AARP Eye Center
Rumor has it, you gents have a hard time admitting you need a little help here and there. That's right, your spouses have been talking. First, it was not needing to stop for directions, or following that Ikea how-to manual (which, let's be honest, aren't that helpful anyway). Now, you're swearing you don't need reading glasses, even though you have to telescope that menu back and forth so many times to read it, your server thinks you're waving her down.
Here's a clip of from our friends at The Vision Council humorously depicting the problem:
Presbyopia, or blurred near vision, usually occurs beginning at around age 40, when people experience trouble reading anything from books to menus, difficulty seeing detailed handiwork like sewing, or working at the computer. It's normal, even if you've never had a vision problem before. And even people who are nearsighted will notice that their near vision blurs when they wear their usual eyeglasses or contact lenses to correct distance vision.
Presbyopia is brought on by a natural age-related process that causes a gradual thickening and loss of flexibility of the natural lens inside your eye. Over time, that lens becomes harder and less elastic. The less elastic the lens, the harder time the eye will have focusing up close.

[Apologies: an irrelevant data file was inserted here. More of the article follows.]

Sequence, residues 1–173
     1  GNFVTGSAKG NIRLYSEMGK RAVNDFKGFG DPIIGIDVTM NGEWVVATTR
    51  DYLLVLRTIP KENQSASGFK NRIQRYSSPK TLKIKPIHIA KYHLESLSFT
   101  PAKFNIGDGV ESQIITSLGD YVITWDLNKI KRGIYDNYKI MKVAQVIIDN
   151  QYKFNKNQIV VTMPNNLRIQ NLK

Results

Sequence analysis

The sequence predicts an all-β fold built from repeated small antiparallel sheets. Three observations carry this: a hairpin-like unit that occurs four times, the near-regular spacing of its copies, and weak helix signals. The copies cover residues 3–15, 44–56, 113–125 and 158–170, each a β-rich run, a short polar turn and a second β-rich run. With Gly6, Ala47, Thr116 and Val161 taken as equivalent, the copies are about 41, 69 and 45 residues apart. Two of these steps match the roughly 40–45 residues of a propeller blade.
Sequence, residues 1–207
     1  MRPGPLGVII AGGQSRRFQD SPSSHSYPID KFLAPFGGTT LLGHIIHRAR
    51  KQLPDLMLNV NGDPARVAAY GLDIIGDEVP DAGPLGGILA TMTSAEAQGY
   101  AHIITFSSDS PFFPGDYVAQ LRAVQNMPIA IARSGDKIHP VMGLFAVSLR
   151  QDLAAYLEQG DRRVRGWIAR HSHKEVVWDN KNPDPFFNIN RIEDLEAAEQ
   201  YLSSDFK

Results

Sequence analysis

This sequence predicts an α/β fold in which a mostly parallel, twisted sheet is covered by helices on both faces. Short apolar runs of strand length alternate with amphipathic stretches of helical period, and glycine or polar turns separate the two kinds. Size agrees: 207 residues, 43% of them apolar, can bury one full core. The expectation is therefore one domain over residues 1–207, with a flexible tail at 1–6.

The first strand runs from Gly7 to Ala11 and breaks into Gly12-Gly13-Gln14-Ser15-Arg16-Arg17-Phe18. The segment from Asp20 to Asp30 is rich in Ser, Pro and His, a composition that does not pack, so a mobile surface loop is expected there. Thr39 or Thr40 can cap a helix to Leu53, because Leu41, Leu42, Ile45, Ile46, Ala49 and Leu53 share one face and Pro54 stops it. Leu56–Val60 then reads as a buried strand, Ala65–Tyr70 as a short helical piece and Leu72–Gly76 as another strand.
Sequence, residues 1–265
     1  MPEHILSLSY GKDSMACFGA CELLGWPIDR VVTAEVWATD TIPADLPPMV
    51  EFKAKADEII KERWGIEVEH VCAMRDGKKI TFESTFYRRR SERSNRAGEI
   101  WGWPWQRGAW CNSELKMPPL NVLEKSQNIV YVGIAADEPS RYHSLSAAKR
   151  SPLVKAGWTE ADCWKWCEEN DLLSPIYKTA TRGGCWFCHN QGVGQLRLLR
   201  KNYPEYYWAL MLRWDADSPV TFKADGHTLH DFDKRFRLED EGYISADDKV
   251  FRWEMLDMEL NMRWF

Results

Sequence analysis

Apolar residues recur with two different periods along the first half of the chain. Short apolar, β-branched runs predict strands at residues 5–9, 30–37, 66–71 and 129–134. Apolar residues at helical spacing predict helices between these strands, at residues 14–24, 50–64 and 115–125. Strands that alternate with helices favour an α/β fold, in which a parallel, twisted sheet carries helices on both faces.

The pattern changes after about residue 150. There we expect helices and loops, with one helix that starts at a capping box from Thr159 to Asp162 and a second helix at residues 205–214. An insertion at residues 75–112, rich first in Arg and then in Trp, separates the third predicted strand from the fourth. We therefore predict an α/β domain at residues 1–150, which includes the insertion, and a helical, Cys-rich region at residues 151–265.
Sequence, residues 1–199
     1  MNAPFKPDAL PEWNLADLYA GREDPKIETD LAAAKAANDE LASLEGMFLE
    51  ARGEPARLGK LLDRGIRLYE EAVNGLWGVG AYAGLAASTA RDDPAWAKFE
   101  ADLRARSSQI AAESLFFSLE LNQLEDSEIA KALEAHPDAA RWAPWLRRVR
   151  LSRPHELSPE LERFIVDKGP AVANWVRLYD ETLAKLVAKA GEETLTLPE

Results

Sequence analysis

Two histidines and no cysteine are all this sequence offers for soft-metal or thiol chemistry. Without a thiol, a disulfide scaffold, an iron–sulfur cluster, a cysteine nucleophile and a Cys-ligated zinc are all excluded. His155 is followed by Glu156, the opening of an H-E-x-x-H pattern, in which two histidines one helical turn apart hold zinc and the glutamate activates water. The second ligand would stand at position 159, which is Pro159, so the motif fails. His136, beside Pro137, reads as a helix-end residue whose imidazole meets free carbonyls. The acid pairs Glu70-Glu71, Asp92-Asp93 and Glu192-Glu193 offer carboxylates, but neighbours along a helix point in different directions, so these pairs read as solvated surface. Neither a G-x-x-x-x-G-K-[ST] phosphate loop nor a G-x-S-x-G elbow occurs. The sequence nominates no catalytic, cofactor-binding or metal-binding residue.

Chances are, if you're reading this blog on AARP (yes, in our small blog font), you'll need some specs to do it. You're not alone: an estimated 90 million people in the United States either have presbyopia or will develop it by 2014. And of the 149.7 Million US Adults Wearing Eyeglasses in 2010, which is 63.5% of US Adults, 90.5 Million are over the age of 44.
Not sure what strength of readers you need? Check out this handy eye chart. And check out The Vision Council for more info on presbyopia and other eye related concerns, like cataracts and glaucoma.
So come on. Make like the cool (not quite still) kids and don some reading specs today.
When did you get your first pair of readers?